The theme for this month's Crossed Genres is Portals. And the stories do a great job exploring that idea, that theme. For portals are openings, are possibilities. They lead somewhere, and not always to places that are expected or what they seem. In each of these stories there are portals, be they food or rifts in space or boxes that can shift reality. To step through that portal is to take a chance, to find something wholly new. These stories are strong and they are powerful. So I'm going to get to reviewing, okay?
"Where Do You Go To, My Lovely?" by Yusra Amjad (1645 words)
So I might rather love stories that feature cooking, and this one stars a woman who can transport people with her food. It's not a wholly unique gift, but it is a rare enough one, that the food she cooks takes people to a place, most often in their memories but not necessarily. It's both blessing and curse for her, because she can't really control where the food will take people, can't really control what they will see. But it is a fun story, the voice of the main character arresting and clear and a little sad through it all. And I like that tinge of sadness, that slightly edge of emotion that runs with everything, like it's something she keeps in check but that works its way into her food regardless. And I love the back-and-forth between her and her nephew, the way his questions, though innocent, cut to a part of her that she tries to ignore or keep hidden, that it worries her about her powers and how they work. And there is a sort of lingering tension about what emotions might have gotten into that food that she's making the child, where it might take him. Mostly, though, it's a fun examination of food's power to transport people to specific places and times, to show what words cannot, and how food is different things to different people, how it's not something that can be reproduced or captured easily, that it finds a way of revealing something deep and at times troubling. A very good story.
"Infinite Skeins" by Naru Dames Sundar (4578 words)
Well fuck. Crying now. This is...this story is good. About two women, Kuan and Ayo, who have lost their child, Xikele. Without a trace. And Ayo, who works in quantum possibilities, has an idea. She and her colleagues have created a box that allows them to explore different realities, some very similar to their own. And it is possible to take things from those realities. It sparks a series of tragedies, a series of losses, a drive of Ayo to find in one of those realities a daughter she can return with to her reality, to be whole again. It is a terrible thing, because she would be stealing that child from that realities Ayo and Kuan, but she cannot stop, is caught in a cycle, a cycle of grief and the inability to let go, the inability to resist the what ifs. The story is dark but it is beautiful, all these others worlds the raw and aching wounds of a mother who has lost. There is no way for her to stop, to give up on the life she feels she should have had. Which is how the tragedy unfolds and how the story continues to just build and build the tension and sadness and the grief. This one...this one has an amazing power to it, with prose that flows and images that haunt. And the ending. I won't spoil this one, but I love the way it examines the nature of grief and obsession, the cost of going for something that shouldn't be pursued, about running from dealing with grief. You need to read this. Go now!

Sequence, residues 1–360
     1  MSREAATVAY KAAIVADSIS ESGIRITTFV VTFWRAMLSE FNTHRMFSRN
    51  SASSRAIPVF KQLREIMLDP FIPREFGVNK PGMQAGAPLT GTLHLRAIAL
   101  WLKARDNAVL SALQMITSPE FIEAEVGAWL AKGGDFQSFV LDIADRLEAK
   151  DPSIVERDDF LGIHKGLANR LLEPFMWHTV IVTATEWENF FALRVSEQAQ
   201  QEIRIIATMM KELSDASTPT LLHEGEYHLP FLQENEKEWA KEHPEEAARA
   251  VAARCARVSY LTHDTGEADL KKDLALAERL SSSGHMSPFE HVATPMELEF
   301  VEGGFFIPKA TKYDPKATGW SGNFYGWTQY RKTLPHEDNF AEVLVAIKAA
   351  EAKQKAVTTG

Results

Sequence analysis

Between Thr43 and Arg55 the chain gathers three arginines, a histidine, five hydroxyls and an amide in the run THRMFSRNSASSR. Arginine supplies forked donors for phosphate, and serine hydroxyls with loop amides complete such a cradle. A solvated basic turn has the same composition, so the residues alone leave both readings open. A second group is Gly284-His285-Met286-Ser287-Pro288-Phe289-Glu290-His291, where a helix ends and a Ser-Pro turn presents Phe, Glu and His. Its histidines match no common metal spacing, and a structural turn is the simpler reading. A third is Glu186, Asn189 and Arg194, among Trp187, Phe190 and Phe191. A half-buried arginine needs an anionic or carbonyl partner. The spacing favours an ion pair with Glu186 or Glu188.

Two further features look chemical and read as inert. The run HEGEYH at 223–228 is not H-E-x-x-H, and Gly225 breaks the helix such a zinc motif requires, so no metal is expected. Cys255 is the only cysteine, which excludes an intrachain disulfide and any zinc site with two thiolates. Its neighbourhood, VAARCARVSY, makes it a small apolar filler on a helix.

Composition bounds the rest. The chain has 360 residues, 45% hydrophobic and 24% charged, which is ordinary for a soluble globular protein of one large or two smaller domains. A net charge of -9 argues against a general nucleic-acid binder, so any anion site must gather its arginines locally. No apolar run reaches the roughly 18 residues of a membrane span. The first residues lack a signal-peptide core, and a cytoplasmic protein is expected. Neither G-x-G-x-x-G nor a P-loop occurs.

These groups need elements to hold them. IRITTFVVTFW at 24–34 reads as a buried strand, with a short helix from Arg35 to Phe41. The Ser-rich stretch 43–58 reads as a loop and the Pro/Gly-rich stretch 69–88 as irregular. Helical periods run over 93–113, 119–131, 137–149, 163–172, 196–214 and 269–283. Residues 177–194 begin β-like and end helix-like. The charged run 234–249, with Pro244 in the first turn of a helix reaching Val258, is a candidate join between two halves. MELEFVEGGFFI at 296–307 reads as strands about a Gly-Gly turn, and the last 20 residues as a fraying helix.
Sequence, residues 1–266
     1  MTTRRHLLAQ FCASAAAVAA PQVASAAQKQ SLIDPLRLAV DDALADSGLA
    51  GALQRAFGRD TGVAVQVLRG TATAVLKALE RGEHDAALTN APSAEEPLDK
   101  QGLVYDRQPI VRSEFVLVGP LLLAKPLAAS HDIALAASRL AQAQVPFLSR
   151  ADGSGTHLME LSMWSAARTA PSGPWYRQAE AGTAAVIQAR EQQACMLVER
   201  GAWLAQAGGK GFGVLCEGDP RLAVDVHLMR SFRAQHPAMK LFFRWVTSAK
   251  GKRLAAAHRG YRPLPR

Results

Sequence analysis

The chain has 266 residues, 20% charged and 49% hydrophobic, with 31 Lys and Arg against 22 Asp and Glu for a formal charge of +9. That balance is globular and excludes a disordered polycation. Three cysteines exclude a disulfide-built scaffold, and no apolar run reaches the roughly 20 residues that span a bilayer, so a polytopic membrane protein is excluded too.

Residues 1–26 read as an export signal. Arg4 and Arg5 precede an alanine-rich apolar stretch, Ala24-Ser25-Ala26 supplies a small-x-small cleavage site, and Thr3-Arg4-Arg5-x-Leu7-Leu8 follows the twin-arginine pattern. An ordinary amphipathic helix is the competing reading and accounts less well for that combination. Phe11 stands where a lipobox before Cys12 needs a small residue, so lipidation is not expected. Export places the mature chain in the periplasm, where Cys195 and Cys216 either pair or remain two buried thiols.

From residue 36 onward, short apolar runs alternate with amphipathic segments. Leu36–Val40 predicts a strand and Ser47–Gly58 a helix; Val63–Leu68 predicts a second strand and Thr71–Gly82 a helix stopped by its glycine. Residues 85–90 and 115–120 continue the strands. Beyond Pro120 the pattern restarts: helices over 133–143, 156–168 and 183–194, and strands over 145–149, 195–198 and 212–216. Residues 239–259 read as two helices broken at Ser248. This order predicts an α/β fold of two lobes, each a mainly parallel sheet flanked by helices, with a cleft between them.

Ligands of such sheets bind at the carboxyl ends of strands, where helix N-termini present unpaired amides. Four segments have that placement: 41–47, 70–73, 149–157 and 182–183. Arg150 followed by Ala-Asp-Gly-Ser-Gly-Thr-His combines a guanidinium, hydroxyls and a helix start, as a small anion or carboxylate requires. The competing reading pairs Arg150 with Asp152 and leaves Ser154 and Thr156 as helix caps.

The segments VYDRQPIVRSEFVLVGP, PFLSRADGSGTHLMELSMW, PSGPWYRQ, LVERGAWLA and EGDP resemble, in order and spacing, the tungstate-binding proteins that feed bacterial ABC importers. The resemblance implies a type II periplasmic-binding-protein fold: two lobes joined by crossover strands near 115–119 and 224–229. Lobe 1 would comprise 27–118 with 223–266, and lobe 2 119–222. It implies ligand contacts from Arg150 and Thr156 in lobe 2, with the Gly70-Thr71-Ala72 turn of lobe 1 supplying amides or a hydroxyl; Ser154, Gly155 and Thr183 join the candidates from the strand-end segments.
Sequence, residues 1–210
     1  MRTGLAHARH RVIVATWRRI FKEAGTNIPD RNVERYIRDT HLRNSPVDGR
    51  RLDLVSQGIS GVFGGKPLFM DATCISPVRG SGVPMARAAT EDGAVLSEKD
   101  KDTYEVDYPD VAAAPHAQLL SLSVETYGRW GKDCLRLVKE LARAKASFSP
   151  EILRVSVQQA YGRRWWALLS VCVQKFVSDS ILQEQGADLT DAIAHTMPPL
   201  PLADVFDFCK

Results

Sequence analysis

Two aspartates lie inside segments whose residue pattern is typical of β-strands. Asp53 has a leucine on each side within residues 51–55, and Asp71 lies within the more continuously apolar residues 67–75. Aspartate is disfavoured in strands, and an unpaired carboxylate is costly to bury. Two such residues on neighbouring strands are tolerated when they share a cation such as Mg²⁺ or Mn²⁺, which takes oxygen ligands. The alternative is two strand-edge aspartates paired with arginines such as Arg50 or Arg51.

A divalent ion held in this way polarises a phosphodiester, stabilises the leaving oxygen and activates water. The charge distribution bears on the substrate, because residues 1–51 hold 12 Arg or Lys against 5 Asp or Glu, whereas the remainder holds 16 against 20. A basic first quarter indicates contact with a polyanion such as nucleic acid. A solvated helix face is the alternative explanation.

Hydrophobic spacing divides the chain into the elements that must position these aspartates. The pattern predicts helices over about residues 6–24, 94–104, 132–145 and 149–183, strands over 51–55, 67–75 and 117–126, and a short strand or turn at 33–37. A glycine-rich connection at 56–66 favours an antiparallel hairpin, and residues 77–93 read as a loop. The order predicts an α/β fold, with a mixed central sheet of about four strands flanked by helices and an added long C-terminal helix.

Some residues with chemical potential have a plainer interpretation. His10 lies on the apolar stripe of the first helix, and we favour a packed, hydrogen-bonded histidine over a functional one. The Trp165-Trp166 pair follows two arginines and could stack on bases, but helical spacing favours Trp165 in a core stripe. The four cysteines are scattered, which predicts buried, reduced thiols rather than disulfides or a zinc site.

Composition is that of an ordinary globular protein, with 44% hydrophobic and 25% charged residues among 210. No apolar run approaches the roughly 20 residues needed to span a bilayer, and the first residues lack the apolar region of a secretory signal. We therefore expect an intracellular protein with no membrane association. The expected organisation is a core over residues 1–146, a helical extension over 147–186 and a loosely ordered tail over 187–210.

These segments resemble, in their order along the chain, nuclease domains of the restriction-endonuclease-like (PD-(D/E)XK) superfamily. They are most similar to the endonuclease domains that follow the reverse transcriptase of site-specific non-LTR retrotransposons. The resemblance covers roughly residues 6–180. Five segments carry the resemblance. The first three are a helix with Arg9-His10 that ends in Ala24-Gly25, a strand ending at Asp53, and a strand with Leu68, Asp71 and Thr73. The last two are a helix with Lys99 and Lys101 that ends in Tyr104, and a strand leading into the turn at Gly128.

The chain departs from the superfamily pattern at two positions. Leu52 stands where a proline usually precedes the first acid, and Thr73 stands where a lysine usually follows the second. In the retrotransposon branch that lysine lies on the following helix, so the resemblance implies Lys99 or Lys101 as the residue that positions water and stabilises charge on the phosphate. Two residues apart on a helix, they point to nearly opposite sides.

"The Copperlin U.S. Post Office Manual" by Lauren Rudin (4241 words)
People might not know this, but I'm a big fan of the mail, being a part of a few penpal organizations. There is something magic about the mail, and it's no surprise to me that the mail makes it's way into spec fic (thinking a bit of the Valentine's Day story by Maria Dahvana Headley at Uncanny this year). This story is a great one of two women working at a post office near a rift to the realm of the dead, where the dead send messages out and the living can come and collect them. The messages are always something of mysteries, not real letters but strange scraps and bits of nonsense. Which I suppose means that no one is really sure that they're coming from the dead, except that they are addressed to and from. It's more about people hoping that they are getting messages from beyond, though, both the terror and the comfort that it would bring. The story is told as entries in response to the rules of the post office, and it is slow and beautifully built. There is a weight to the rather inane things the women get up, and the main character especially lives with a need to be near this mail, perhaps hoping to find something in the messages that would bring some sort of answer. What answer she receives, though, is that she'll basically have to wait to find out. Or, perhaps, there's a deeper message still, one that has nothing to do with the dead but everything do with the living, with the relationship of these two women working together, caring for each other. It's a nice story, and one that's sticking with me. A great way to end the issue!